Section 365 (d)(3) of the Bankruptcy Code requires that a Chapter 11 debtor pay post-petition rent due under a commercial lease on a timely basis. In In re Hitz Restaurant Group, Case No. 20B05012, 2020 WL 2924523 (Bankr. N.D. Ill., June 3, 2020), a landlord moved for orders compelling a restaurant debtor to pay post-petition rent and for relief from the automatic stay. The debtor filed its case on February 24, 2020, and had not made any payments of post-petition rent. In its defense, the debtor argued that it was excused from the payment of rent under the force majeure clause of its lease. The force majeure clause provided that landlord and tenant would each be “excused from” performing its lease obligations if performance is “prevented or delayed, retarded or hindered by … laws, governmental action or inaction, orders of government … .” That clause also provided, “Lack of money shall not be grounds for Force Majeure.”

The debtor argued that the force majeure clause was triggered on March 16, 2020, when the Illinois governor issued an executive order that prohibited restaurants from offering on premises dining. However, restaurants were allowed by the order to offer carry-out, curbside pick-up, or delivery of food.

Read more.

Blockchain and Why You Need to Know About It

You have probably heard of the digital currency Bitcoin because of its headline-making and extremely volatile valuation against the U.S. dollar in recent years. But what you may not know is how it works or why it’s so groundbreaking. In case you’re not yet a cryptocurrency-trading-millionaire, what makes Bitcoin possible is the revolutionary software technology upon which it is based, known as blockchain. In their book Blockchain Revolution, authors Don and Alex Tapscott summarize blockchain as “an incorruptible digital ledger of economic transactions that can be programmed to record not just financial transactions, but virtually everything of value.”

The blockchain-based idea for Bitcoin was first released in 2008 via a whitepaper, “Bitcoin: A Peer-to-Peer Electronic Cash System,” by an author known as Satoshi Nakamoto. Since then, others have developed Nakamoto’s idea by creating blockchain, the electronic system that ensures the security and integrity of the electronic data that make up Bitcoin and other, similar digital currencies.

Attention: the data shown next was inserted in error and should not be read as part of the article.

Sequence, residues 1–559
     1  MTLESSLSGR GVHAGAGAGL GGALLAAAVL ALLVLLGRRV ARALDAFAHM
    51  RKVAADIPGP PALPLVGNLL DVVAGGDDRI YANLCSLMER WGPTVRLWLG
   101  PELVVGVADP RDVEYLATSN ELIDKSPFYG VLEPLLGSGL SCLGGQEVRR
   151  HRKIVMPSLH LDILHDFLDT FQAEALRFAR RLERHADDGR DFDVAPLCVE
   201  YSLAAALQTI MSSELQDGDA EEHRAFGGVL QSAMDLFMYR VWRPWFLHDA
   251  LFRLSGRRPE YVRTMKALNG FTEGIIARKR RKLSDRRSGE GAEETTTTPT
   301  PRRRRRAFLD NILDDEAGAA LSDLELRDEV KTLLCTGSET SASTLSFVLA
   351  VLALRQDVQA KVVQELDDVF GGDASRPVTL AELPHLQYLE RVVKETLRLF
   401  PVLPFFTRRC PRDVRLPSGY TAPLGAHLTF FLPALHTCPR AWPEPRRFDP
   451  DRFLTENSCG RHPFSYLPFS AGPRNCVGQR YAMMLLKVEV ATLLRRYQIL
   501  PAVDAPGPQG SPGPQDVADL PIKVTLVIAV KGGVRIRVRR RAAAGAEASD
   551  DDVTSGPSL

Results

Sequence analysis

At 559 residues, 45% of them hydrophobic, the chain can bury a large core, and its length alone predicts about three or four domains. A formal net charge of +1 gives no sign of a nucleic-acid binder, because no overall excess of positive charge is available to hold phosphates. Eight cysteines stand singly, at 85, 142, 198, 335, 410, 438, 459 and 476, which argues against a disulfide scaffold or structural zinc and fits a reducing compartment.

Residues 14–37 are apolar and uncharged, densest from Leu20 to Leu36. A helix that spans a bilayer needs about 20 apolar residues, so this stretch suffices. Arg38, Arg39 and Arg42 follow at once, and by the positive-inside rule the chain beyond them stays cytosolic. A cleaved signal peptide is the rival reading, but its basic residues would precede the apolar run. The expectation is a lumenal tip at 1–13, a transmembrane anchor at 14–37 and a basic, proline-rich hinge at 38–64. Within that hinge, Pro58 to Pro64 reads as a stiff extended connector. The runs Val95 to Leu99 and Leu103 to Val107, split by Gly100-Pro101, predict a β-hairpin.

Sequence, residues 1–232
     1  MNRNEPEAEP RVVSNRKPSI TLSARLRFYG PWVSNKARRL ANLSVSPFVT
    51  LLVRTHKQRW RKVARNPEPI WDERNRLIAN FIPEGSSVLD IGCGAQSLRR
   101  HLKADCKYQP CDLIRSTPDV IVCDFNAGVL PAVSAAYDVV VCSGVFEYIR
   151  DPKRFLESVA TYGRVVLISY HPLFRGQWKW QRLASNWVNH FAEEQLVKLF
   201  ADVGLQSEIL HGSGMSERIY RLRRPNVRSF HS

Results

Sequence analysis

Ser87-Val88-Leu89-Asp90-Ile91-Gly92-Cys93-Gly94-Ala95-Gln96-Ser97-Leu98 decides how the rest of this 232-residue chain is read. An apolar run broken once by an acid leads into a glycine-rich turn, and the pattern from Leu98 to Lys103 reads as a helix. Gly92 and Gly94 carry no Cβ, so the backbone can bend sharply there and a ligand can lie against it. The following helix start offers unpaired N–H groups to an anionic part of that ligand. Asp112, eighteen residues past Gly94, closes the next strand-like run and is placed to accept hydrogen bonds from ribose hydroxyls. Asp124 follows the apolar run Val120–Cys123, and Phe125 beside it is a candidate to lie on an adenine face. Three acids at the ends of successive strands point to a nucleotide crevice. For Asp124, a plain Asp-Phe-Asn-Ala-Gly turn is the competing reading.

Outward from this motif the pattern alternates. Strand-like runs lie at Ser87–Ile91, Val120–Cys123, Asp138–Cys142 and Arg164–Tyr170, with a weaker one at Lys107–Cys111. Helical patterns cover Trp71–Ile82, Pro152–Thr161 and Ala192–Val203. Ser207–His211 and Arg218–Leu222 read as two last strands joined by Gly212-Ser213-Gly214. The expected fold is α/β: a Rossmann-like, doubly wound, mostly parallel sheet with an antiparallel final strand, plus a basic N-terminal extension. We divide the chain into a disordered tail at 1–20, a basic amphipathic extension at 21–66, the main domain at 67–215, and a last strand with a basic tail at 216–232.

Blockchain is what’s known as a “distributed ledger technology” — essentially a big, shared database, constantly reconciled and updated, so every copy of that ledger is the same and is reconciled.

Read more.

Katherine Pinkard, President of Pinkard Properties in Towson and a speaker at the Gordon Feinblatt Real Estate Group seminar in November 2019, wrote this article. It is copyrighted in 2020 by Katherine Pinkard and printed with her permission.

Opportunity Zones in 2020

For taxpayers who have been considering making an investment in a Qualified Opportunity Fund (Fund) to take advantage of the tax benefits provided by the Opportunity Zone rules that became effective on January 1, 2018, but did not make the investment before the end of 2019, there is good news and bad news.

Bad news first. One of the benefits of the Opportunity Zone rules is not only the ability to defer the recognition of capital gain that is realized today until December 31, 2026, but to also permanentlyavoid a portion of such gain. Going forward, the maximum amount of gain that may be permanently excluded will be 10%, and that benefit will be possible if an investment in a Fund is made before December 31, 2021, the date on which the second window will close.

The good news for taxpayers considering an investment into a Fund in 2020, and thereafter, is that we now have official guidance from the Internal Revenue Service regarding a Fund that will own an operating company, as opposed to a Fund that will engage only in real estate development.